The transition from high school to college can be a challenging transition
for any student. But those embarking upon a college football career, it can
be all the more rigorous. For the newest Wolverines, that has proven to be true.
That said, they all seem to be having the time of their lives.
The first thing that sets in is the thrill of pulling that jersey over their
heads for the first time. Many have dreamed of being Wolverines for much of
their young lives. Some of them can’t even put into words what it was
like to place the winged helmet on their heads for the first time. “I
was speechless,” said Charles Stewart. “It was overwhelming. Putting
on this uniform is something I always wanted to do. I can’t describe just
how happy I am to be here.” That feeling lingers for quite a long time…often
for the entire season. However, the intensity does diminish a bit when they
suit up and hit the field against the older players for the first time. That’s
when the enormity of the difference between high school and college really sets
“It’s a BIG adjustment, but I’m getting there,” said
. “I think I’m doing a good job with it. I’m just
working out at running back right now and trying to get on the field. I’m
up to about 196 and I’m good at that weight.” Increasing weight
and strength is only part of the formula for being formidable competition for
more established players. The mental aspects of the game are just as taxing.
“They’re throwing so much at you,” said Morgan Trent. “From
critiquing your routes, to reading defenses, to learning the playbook…it
is a lot to take in.” Fortunately for the youngsters, the atmosphere fostered
’s program is anything but contentious. Battles for playing
time are about performance and hardly ever personal (as both Prescott Burgess
and Shawn Crable
mentioned in this
last week). The newest Wolverines are already starting to notice
“Some people think because we’re all competing for the same spots
that it might be a little hostile, but it’s the complete opposite, said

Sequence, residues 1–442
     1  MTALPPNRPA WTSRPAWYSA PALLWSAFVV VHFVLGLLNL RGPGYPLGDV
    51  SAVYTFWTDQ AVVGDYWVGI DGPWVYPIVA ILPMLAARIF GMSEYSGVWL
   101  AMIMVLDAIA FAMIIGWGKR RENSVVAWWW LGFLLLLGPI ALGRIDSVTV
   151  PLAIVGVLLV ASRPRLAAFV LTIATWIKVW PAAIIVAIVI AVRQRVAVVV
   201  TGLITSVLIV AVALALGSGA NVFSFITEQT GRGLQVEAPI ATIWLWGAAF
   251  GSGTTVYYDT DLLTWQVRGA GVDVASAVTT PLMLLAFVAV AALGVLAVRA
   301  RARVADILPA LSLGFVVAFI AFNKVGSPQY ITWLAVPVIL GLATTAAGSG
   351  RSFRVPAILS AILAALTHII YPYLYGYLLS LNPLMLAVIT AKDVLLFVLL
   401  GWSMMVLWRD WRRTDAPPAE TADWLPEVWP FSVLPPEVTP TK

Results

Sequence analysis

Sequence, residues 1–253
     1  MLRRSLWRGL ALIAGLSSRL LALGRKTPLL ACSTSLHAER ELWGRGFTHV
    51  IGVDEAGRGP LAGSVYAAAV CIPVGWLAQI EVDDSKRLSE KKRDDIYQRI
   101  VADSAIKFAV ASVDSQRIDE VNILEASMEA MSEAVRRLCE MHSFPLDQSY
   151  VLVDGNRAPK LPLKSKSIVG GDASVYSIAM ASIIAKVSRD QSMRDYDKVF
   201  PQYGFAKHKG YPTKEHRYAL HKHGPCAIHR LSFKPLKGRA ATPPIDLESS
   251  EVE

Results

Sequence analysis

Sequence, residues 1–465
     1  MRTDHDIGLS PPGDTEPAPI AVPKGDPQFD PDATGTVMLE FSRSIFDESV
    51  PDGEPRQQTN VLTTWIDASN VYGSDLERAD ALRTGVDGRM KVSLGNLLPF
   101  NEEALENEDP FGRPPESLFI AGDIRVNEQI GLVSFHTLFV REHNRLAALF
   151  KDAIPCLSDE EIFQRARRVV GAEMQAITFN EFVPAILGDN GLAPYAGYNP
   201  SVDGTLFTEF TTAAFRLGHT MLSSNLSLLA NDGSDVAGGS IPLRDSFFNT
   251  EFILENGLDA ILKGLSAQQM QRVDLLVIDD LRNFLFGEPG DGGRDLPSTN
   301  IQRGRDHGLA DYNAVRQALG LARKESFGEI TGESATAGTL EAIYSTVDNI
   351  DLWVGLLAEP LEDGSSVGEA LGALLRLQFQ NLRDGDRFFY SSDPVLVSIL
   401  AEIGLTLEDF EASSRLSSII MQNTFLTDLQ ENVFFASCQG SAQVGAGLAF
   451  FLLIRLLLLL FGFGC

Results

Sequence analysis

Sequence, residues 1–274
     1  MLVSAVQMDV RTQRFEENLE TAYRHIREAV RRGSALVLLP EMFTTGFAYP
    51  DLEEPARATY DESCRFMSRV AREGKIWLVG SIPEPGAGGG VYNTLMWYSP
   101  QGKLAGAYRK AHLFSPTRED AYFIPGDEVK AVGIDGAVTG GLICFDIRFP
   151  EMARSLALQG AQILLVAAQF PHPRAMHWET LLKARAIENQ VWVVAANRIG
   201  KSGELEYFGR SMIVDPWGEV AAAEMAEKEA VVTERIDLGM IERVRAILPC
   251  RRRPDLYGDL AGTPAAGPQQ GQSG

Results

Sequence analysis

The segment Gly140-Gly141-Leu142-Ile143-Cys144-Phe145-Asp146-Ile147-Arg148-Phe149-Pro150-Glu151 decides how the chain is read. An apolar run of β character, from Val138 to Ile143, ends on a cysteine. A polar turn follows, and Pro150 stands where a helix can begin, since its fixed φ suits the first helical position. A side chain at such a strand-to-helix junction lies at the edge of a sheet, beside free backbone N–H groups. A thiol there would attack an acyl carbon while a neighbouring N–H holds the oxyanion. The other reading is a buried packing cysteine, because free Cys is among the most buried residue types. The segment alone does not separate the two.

Trent. “If you’re doing something wrong they’ll tell you,
but they’ll also tell you how to fix it. They understand that we all need
each other to do what we want to do. They have definitely helped me out a lot!”
Chad Henne mentioned having a similar experience. “The other quarterbacks
are really helping me out a lot,” Henne said. “Everyday they’re
right by my side helping me with things and it’s great that they’re
doing that for a younger player.”
The extra week of practice granted by the NCAA this year was certainly a welcome
increase in work for the team and it gave the coaches even more time to help
the newbies get acclimated. ”I’ve learned so much from Coach English,”
Stewart said. “It’s just like school here. You take so much in.
My technique in high school was ALL bad because I was doing it all off of natural
ability. Now I’m getting better because I’m learning the right way
to play. I feel like I’m a better player.”
Defensive lineman Alan Branch also described himself as a player that excelled
as a prep on natural ability. At Michigan, he’s learning the nuances of
his position. “They have me on the inside playing against the tackle,”
said Alan Branch. “Coach Sheridan has spent a lot of time has done a great
job of coaching me through what I’m supposed to do with my responsibilities
and everything. I’m starting to get the hang of things and get the feel
of the game.” Branch, who came in at about 340-lbs., will not only be
working on continuing to pick up the defense, but also on dropping a few pounds.
“I’m going to try to lose about 15-20 pounds before we start playing,”
Branch said. “I kind of let myself go after football season (laughing).”
The type of shape guys come in with is always one of the key factors in whether
a freshman sees the field. At the same time, the opportunity has to be there…and
there just happen to be a couple spots on the team where that chance exists.
“When I came in, Coach English told me that I would be competing for the
fourth corner spot,” said Stewart. “Competition is tough though.
Grant mason is good, Darnell Hood is good, and Keston Cheathem is a good player,
so I’m just trying to compete and give my best effort. We’ll see
Corner isn't the only position where a freshman might contribute. A couple of
other skill position guys that look to have a good shot to see the field in
the fall are Jamar Adams
and Adrian Arrington. “Jamar is like a genius,”
Stewart said. “Safeties have to know so much and he is taking it all in.
I test him every night and he tests me. He’s picking it all up and is
doing well.” Arrington, who word is said by some to be receiving the most
reps of the freshman receivers, may well be the sixth wideout before it is all
said and done. While the aforementioned three have legitimate shots at getting
some minutes in the fall, there are two players that almost sound like shoe-ins
to be on the travel team once the season commences. Almost to a man, Tim Jamison
and Chris Graham
were the names uttered from the lips of the players as the
most impressive newcomers they’d seen.
“Tim Jamison is a DOG,” exclaimed Stewart! “He is a DOG!
Everybody is doing well, but Tim Jamison and Chris Graham have been two players
that I like to watch.” Morgan Trent was just as impressed with his freshman
counterparts. “They’re both awesome, but Tim is…. he is just
something else,” Trent said. “He comes off of that end HARD! Chris
isn’t afraid to hit you either. They both have shown a little something.”
The tales of Jamison’s exploits in practice have reached a fever pitch.
It’s never a good idea to place high expectations on a freshman, but it
certainly should be fun to see what all of the fuss is about when the season